Fairey Fremantle

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Role reconnaissance seaplane
National origin United Kingdom
Manufacturer Fairey Aviation Company
First flight 28 November 1924
Number built 1

The Fairey Fremantle was a large single-engine biplane seaplane designed in the mid-1920s for a proposed around-the-world flight. Only one was built.

Design and development[edit]

The Fremantle[1] was designed to Air Ministry specification 44/22 calling for a single long-range reconnaissance aircraft. One of several contracts aimed at keeping British design teams together in difficult economic times, it was hoped to produce an aircraft that might achieve the first around-the-world flight. It was a large (almost 70 ft/21 m span) two-bay unstaggered biplane. The fuselage was rectangular and deep, with a two-windowed section for the cabin, built of mahogany planking over a wooden frame in small-boat fashion to avoid the need for internal bracing. The fuselage was deep enough to allow the crew to stand in the cabin, which contained provisions, storage, bunks and navigator's table. The navigator also had a position for celestial observation at the rear of the cabin. The pilot's open cockpit was at the trailing edge of the wing, in front of the cabin.[1]

In front of the pilot was the engine firewall and the metal-covered engine bay housing a 650 hp (490 kW) Rolls-Royce Condor III water-cooled motor. This drove a fixed-pitch wooden propeller via a spur reduction gear which conveniently raised the propeller shaft high on the nose. This arrangement had at least two advantages: for a given propeller diameter, the height of the fuselage above the water was reduced, shortening the length and weight of the float struts; the underside of the nose could be swept up to the base of the radiator for better aerodynamics.[1]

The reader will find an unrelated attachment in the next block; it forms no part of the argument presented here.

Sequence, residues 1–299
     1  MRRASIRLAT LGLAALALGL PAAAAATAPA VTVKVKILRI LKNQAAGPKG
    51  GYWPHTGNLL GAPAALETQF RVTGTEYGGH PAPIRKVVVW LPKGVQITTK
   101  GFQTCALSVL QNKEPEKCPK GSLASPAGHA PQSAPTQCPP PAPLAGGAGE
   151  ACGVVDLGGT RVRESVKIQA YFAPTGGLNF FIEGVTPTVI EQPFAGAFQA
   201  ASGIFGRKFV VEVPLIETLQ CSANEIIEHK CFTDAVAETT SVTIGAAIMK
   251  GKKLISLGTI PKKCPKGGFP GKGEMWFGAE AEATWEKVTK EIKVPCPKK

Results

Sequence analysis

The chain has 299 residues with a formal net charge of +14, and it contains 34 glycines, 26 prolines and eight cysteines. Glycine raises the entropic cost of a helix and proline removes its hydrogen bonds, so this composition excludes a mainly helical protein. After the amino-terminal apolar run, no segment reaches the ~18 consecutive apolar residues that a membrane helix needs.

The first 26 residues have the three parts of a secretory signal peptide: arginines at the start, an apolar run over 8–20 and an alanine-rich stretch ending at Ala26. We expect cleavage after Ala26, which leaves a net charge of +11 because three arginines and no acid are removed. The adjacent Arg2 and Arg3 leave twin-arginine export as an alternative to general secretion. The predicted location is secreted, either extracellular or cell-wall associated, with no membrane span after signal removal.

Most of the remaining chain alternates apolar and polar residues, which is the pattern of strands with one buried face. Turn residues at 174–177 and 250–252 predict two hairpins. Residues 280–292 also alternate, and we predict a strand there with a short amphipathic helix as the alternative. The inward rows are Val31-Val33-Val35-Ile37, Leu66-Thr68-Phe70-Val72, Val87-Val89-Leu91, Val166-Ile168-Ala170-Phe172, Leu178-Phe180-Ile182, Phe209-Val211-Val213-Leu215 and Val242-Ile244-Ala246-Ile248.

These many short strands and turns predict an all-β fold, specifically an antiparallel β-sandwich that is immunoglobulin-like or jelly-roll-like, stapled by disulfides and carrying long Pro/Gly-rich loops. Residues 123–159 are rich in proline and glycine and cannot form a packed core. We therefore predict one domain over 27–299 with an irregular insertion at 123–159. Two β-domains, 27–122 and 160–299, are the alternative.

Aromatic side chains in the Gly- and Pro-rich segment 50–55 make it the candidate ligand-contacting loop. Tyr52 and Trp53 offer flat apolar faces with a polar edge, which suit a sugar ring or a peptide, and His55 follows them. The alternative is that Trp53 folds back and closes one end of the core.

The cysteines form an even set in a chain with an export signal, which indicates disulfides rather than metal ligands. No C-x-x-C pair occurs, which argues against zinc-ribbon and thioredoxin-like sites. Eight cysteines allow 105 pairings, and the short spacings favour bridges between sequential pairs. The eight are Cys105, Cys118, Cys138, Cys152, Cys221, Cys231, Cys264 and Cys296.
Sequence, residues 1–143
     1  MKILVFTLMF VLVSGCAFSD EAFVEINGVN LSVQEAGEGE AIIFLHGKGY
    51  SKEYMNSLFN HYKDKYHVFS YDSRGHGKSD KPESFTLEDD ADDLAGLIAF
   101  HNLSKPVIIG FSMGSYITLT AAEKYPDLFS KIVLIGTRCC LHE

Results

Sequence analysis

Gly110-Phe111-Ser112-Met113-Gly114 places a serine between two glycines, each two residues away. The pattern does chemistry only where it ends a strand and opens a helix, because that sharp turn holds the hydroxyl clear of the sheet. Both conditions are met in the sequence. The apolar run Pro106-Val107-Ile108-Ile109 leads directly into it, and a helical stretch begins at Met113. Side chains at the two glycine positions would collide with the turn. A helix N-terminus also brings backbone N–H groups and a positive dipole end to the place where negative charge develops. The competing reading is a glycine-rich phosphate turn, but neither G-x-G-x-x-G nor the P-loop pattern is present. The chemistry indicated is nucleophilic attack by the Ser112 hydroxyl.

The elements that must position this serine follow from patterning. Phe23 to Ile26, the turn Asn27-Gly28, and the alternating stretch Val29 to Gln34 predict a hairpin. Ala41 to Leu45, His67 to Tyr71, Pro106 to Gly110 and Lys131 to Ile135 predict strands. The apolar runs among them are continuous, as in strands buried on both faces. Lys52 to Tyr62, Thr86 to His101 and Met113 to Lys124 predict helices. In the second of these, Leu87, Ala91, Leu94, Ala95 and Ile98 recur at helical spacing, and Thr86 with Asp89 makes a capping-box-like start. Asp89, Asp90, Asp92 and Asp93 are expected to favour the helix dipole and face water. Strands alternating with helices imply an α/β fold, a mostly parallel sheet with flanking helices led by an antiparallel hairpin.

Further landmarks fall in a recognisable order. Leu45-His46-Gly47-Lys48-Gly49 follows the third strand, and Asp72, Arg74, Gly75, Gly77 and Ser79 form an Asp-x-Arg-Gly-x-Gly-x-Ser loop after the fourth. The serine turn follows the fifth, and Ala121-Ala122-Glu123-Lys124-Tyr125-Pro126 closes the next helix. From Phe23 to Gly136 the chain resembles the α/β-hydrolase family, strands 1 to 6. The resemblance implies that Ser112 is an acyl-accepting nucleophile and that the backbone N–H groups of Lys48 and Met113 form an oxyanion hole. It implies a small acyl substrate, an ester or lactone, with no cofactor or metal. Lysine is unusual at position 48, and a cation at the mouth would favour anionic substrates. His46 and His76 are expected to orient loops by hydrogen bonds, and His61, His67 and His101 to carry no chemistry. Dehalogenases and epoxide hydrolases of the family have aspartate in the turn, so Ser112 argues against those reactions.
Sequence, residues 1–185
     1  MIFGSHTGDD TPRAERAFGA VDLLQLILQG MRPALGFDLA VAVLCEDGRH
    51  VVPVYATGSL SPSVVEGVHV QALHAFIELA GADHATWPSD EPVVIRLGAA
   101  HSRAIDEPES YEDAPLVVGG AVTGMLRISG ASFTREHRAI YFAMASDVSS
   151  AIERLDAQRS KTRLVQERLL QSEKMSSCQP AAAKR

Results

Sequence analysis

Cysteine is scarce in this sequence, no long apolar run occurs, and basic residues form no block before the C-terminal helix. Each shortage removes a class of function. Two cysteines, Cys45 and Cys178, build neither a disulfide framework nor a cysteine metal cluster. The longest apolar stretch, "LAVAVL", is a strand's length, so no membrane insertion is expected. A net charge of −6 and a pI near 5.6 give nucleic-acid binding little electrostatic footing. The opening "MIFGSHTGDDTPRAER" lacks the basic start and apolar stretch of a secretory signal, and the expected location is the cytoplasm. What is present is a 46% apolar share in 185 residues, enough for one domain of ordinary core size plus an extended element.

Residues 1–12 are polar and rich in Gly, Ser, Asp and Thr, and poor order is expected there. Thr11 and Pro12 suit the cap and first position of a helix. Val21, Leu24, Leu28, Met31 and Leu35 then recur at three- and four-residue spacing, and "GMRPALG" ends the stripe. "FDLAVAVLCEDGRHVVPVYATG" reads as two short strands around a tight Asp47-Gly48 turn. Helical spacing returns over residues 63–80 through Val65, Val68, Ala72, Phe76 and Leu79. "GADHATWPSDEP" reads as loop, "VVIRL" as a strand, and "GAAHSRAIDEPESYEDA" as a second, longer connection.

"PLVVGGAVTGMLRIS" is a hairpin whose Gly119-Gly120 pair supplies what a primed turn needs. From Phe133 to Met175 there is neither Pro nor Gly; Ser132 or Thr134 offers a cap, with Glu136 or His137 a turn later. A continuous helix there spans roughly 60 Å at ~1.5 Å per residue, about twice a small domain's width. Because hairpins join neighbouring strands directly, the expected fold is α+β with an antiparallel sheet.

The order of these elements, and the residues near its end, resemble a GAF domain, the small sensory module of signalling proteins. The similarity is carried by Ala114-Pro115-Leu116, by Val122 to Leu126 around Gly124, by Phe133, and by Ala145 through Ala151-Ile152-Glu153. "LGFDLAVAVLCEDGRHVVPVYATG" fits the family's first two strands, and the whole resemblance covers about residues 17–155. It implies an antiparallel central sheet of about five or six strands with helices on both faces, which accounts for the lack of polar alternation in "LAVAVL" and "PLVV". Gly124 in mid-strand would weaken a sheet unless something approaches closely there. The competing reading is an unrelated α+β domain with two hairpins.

The two mahogany-planked floats were short, so that at rest the Fremantle sat on the water like a tailwheel-type landplane with the assistance of a tail float fixed to the fuselage underside. The tailplane was mounted at the top of the fuselage with bracing underneath and the rudder hinge post carried a water-rudder for directional control at low speeds on the surface. Since the main floats were not widely spaced, there were two more floats attached to the underside of the lower wing immediately below the outer pairs of interplane struts to provide lateral stability. Fuel was stored in tanks in the floats but there was another large and very conspicuous tank mounted centrally above the upper wing. This gravity-fed the engine and was replenished by pumping (hand- or wind-powered) fuel from the float tanks.[1]

Operational history[edit]

The Fremantle's first flight was on 28 November 1924, with Norman Macmillan at the controls. Macmillan flew it throughout its flying programme, which lasted until the following June. He reported that it was a pleasant aircraft in the air and on water, though there were some control modifications made during the flying programme. It left the water under full load even with flat sea conditions; on its last flight it carried seven passengers. During this period, the lone Fremantle carried the RAF serial N173 and the civil registration, for the proposed around-the-world flight, G-EBLZ. No such attempt was made, as three Douglas aircraft had already performed this feat in September 1924, two months before the Fremantle flew. It flew with the Royal Aircraft Establishment on radio navigation development during 1926.[1]


Data from Taylor 1974, p. 129

General characteristics

  • Crew: five[2]
  • Length: 53 ft 0 in (16.15 m)
  • Wingspan: 69 ft 2 in (21.08 m)
  • Height: 20 ft 3 in (6.17 m)
  • Wing area: 1,095 ft2 (101.8 m2)
  • Gross weight: 12,550 lb (5,692 kg)
  • Powerplant: 1 × Rolls Royce Condor III upright V-12 watercooled, 650 hp (486 kW)


  • Maximum speed: 108 mph (174 km/h)
  • Range: approximately 1,000 miles (1,610 km)
  • Rate of climb: to 5,000 ft (1,525 m) 200 ft/min (1.02 m/s)

See also[edit]

Related lists



  1. ^ a b c d e Taylor 1974, pp. 127–129.
  2. ^ Flight, 14 May 1925